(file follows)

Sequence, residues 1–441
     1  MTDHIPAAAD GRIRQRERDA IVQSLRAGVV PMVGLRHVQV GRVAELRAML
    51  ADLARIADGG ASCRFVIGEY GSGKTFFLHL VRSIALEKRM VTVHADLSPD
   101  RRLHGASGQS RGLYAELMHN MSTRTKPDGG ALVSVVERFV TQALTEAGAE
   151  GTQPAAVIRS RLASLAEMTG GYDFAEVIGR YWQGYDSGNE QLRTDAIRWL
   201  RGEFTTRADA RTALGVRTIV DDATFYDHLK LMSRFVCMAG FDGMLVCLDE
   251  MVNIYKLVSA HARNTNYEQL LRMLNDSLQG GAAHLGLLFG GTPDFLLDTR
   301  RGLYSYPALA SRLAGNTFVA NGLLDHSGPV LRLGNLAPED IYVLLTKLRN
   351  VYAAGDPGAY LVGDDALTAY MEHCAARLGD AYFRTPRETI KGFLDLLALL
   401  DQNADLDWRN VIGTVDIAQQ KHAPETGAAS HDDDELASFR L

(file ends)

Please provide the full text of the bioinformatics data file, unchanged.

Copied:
Sequence, residues 1–441
     1  MTDHIPAAAD GRIRQRERDA IVQSLRAGVV PMVGLRHVQV GRVAELRAML
    51  ADLARIADGG ASCRFVIGEY GSGKTFFLHL VRSIALEKRM VTVHADLSPD
   101  RRLHGASGQS RGLYAELMHN MSTRTKPDGG ALVSVVERFV TQALTEAGAE
   151  GTQPAAVIRS RLASLAEMTG GYDFAEVIGR YWQGYDSGNE QLRTDAIRWL
   201  RGEFTTRADA RTALGVRTIV DDATFYDHLK LMSRFVCMAG FDGMLVCLDE
   251  MVNIYKLVSA HARNTNYEQL LRMLNDSLQG GAAHLGLLFG GTPDFLLDTR
   301  RGLYSYPALA SRLAGNTFVA NGLLDHSGPV LRLGNLAPED IYVLLTKLRN
   351  VYAAGDPGAY LVGDDALTAY MEHCAARLGD AYFRTPRETI KGFLDLLALL
   401  DQNADLDWRN VIGTVDIAQQ KHAPETGAAS HDDDELASFR L